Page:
Yesterday, I announced the roll-out of the Amazing Stories Calendar of Events. (Which you can visit right here.)
It represents a tremendous amount of work on the part of Kermit Woodall, our long-time webmaster and Art Director for the magazine. (Kermit has so many hats, he even sent me one, a steampunk top hat, complete with goggles and a digital display that is currently programmed to display “Ask Me About Amazing Stories”.)
We wanted to have a calendar of events for conventions (and other things like significant holidays – Science Fiction Day is January 2nd, for example (Asimov’s Birthday; I think it ought to be some day in March, probably the 15th or so, the day when Amazing Stories first went on the racks in 1926, but that’s a discussion for another time) pretty much since we launched the website in 2012. We’ve made a couple of runs at it since then but haven’t been happy with the results, until now.
Why has it been so hard?
Well, for one thing, most events – from mega cons to tiny relaxacons – don’t make their information available in an easily obtained format.
None of them do. We’ve seen websites for conventions that make you hunt to find the dates of the event. Ones with no easily accessible contact information or, perhaps more complicating, contact information that is confusing (which of these hundreds of email addresses do I write to?) or, perhaps the most frustrating, contact forms that only provide the convention with contact info (for you).
Even flyers distributed at conventions are often difficult to read, don’t contain comprehensive information, make you hunt for pertinent details.
These are problems for those wanting to gather up the information, but they are also problems for the convention that wants to have attendees.
I was always taught that in a “sales setting” (which is what convention promotion is – you’re trying to get people to spend money to come to your event), you’re supposed to place as few obstacles between the customer and them handing over dollars as is possible. A convention website that buries its dates, location, hotel information and registration function behind a menu, one that makes a potential customer wade through multiple pages, clicking on menu headings that may or may not reference what they are looking for is like making the customer run an obstacle course, one they’re paying for the privilege of running.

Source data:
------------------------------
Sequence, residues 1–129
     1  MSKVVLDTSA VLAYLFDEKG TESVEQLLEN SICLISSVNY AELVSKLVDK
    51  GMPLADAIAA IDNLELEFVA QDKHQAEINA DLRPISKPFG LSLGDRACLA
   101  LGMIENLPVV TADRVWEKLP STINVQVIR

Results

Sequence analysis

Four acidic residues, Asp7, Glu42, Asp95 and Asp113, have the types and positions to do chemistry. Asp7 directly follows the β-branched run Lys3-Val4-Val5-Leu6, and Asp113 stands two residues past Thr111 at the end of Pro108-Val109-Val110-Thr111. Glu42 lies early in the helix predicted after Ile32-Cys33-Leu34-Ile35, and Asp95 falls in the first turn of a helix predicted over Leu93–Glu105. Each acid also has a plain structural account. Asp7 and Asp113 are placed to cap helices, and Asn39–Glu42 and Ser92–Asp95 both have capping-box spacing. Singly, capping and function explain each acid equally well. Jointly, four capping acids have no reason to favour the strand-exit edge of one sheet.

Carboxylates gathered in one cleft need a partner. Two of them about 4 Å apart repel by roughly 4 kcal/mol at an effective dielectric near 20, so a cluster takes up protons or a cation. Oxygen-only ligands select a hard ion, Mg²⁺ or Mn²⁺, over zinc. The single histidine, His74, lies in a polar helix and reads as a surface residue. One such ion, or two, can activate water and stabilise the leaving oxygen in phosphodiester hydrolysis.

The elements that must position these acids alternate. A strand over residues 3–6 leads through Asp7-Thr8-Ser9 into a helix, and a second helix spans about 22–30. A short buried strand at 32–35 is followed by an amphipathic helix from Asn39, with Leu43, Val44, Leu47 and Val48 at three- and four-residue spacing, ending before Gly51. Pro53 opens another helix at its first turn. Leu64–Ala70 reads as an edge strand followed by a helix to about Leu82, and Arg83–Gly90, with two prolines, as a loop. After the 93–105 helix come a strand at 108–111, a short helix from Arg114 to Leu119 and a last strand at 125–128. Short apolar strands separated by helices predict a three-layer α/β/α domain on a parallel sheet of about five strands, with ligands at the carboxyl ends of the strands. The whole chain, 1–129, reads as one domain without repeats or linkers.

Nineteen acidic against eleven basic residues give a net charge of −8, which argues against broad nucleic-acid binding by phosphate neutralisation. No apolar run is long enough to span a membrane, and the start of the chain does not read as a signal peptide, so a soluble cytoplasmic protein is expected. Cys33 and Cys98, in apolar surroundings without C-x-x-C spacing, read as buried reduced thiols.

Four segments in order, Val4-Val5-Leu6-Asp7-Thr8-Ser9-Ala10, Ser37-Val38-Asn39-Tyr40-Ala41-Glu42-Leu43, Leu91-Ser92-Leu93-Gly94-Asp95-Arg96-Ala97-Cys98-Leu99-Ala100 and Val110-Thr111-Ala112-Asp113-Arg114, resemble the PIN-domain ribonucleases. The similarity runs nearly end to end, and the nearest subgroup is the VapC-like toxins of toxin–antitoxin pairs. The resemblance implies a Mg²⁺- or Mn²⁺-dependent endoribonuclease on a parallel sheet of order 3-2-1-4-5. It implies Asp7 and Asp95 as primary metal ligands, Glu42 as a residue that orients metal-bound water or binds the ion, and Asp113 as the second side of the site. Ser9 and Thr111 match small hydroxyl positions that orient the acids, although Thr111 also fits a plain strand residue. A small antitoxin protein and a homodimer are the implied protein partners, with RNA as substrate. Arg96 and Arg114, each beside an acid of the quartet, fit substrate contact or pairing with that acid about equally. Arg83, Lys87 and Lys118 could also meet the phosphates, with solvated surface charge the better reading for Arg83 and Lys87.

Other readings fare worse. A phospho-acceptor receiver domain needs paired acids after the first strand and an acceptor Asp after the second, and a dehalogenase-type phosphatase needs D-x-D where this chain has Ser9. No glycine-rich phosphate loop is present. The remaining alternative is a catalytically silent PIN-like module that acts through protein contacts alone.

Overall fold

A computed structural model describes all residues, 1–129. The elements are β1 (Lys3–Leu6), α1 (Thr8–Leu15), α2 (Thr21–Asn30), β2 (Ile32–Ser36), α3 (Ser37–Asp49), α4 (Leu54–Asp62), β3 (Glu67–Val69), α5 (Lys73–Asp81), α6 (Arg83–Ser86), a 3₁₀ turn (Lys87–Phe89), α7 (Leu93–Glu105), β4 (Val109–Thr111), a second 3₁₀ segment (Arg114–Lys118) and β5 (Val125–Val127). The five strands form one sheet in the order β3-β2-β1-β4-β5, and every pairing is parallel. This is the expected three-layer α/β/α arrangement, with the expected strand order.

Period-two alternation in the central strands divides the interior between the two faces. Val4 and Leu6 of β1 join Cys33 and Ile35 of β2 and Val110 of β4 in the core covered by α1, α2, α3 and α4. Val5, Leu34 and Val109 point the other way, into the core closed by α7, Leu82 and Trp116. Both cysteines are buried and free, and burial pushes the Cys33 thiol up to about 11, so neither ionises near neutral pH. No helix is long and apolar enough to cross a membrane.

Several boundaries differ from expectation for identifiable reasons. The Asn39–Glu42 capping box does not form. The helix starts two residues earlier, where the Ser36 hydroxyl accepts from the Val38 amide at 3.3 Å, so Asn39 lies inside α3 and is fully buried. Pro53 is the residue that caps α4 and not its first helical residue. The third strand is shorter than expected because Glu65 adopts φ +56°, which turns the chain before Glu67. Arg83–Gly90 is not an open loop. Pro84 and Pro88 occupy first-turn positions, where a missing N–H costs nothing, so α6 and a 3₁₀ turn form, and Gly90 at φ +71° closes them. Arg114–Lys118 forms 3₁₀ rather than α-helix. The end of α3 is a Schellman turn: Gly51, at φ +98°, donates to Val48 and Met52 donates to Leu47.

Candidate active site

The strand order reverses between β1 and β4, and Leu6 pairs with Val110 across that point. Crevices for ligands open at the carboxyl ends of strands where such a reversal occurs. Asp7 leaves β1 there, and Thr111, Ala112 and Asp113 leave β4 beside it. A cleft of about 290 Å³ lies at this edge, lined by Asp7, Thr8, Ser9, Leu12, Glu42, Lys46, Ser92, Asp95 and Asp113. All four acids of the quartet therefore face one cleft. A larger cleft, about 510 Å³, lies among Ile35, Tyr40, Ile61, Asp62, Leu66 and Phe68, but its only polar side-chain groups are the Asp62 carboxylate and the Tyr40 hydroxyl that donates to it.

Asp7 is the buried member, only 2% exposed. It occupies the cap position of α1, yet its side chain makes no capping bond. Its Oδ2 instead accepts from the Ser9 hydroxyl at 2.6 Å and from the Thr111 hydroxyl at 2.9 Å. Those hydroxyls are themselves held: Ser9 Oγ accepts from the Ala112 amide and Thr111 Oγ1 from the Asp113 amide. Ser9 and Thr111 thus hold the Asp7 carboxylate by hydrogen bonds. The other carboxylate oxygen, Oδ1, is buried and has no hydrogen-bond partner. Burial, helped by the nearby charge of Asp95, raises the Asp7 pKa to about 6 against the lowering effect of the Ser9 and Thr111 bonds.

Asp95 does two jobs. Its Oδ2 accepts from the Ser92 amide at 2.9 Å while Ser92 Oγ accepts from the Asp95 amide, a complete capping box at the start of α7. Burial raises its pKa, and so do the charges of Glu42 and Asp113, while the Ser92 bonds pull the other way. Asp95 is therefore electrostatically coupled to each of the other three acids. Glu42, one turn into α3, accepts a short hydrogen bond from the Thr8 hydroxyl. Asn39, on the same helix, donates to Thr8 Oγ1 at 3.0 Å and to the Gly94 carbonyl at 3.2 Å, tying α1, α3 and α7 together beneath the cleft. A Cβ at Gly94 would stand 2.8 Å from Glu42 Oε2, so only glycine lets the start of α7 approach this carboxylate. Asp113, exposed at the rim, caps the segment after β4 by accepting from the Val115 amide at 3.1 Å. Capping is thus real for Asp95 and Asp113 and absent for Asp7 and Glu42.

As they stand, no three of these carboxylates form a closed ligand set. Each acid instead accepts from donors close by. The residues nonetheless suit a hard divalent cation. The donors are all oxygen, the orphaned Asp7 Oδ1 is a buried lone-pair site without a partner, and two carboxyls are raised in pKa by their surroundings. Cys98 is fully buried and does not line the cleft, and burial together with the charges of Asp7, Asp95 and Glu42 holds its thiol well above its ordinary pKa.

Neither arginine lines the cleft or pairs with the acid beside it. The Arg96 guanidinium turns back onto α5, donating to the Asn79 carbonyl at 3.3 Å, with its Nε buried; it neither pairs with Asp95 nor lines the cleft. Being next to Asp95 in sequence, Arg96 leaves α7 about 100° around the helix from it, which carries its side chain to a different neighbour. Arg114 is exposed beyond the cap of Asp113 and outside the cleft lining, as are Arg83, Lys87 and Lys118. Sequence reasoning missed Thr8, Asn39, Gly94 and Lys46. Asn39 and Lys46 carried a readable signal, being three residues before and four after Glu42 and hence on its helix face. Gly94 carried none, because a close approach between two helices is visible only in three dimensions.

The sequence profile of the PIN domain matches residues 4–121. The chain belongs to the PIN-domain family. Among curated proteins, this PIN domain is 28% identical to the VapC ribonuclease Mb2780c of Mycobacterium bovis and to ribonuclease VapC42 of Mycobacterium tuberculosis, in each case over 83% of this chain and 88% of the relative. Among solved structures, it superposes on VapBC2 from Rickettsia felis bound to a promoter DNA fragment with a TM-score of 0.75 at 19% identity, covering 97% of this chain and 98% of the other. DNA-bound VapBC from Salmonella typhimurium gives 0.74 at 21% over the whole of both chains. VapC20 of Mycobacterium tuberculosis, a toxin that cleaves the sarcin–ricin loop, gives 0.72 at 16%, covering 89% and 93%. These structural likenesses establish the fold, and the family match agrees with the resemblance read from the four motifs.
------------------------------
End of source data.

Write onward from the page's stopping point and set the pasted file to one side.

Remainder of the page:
Of course, getting customers to your event is a different activity than making your information easily accessible for someone else who wants to gather it in and help you promote your event (see more on this below), but a well designed website/facebook page, etc. can arrange itself in a way that satisfies both objectives.
Cons should have a prominent SIGN UP HERE link right on their front page. It should be labeled and displayed in a manner that is designed to cause the least confusion. For example – a LOT of potential con-goers are only familiar with big media events. “Buy Your Membership Here”, does not mean to them what it does to a seasoned Fan. I’ve run into people who’ve complained that they can’t find out how to “buy a ticket” to a particular con, because “membership” means something else entirely to them.
Cons need to display their DATES and their LOCATION prominently. And when I say location, I don’t mean a link to a hotel’s website listed on a separate page referenced as “accomodations” or some such that offers multiple options – and especially a link that takes you off the convention’s webpage with no easily obvious return.
Do NOT Make People HUNT For Information. Display the location, its contact info AND address right on your front page. If there are housing options other than the main venue, provide access to that info, but label them as being other than the convention venue.